Ethell is a PhD candidate at the Erasmus SYNC lab, working on the GUTS project. Her research focuses on the developmental trajectories of trust in adolescents and the influence of their socio-economic status and ethnic backgrounds. Ethell is particularly interested in fMRI research and is intrigued by the development of youth from diverse socio-economic and ethnic backgrounds.

Ethell’s work is part of the Growing Up Together in Society (GUTS) project, a longitudinal study exploring how adolescents grow up in an increasingly complex society. The project encourages interdisciplinary research, and Ethell’s work combines developmental psychology with sociological perspectives.

As part of the first work package (WP1) in the GUTS project, Ethell’s research focuses on the influence of adolescents’ socio-economic status. Her research will address how adolescents’ trust in society develops and whether adolescent’s trust differs depending on their SES and ethnic background. To this end, she will employ a variety of methods including fMRI, questionnaires, behavioral assessments, and youth participation.

Ethell is part of the YoungXperts platform, which involves youth in science and amplifies their opinions. She is committed to making science accessible for young people and plans to implement YoungXperts’ methods of youth participation in her research.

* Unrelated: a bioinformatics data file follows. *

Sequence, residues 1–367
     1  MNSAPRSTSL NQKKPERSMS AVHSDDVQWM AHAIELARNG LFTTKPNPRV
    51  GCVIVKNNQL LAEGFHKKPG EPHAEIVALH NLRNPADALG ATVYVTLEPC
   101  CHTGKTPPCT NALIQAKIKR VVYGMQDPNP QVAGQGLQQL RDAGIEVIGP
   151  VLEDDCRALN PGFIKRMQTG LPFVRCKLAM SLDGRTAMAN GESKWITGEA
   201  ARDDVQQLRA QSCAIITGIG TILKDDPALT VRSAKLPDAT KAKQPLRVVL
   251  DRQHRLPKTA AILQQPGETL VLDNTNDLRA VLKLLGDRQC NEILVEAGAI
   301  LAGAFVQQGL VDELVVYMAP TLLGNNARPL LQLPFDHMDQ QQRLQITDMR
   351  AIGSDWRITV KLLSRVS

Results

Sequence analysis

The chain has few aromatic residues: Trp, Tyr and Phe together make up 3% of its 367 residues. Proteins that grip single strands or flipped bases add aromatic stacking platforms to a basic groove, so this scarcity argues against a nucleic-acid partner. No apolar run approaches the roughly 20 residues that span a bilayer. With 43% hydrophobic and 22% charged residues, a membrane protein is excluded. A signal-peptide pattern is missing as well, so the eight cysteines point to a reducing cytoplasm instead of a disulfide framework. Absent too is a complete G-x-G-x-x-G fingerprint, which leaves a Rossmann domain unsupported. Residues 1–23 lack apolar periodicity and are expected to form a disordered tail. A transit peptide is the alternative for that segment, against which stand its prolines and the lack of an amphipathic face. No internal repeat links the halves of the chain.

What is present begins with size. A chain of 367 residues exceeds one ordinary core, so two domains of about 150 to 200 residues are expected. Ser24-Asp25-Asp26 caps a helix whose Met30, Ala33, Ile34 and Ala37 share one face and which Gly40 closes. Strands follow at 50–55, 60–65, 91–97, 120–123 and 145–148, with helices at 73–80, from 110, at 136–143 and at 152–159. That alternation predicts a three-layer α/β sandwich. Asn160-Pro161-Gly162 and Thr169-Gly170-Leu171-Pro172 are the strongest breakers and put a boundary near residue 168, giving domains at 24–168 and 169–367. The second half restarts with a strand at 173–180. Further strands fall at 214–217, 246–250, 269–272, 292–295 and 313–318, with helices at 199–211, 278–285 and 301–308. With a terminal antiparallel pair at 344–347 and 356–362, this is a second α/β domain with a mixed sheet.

Prior to her PhD, Ethell completed her master’s in Biomedical Sciences – Neurosciences at the University of Antwerp in 2023. Her master’s thesis focused on developing and assessing visual fMRI paradigms to engage brain regions involved in the perception of equilibrium and balance.

Ruth is a PhD candidate at the Erasmus SYNC lab. The title of her research project is ‘Teaching for Purpose: encouraging purpose development in adolescents through an integrated approach in classroom settings‘. Purpose is cultivated through a process of discovery and exploring unique interests, skills and values. One of the key developmental tasks during adolescence is developing this sense of purpose. The aim of Ruth’s research is to explore – together with students and teachers – how classrooms and schools can become an environment in which the development of purpose in adolescents is further encouraged.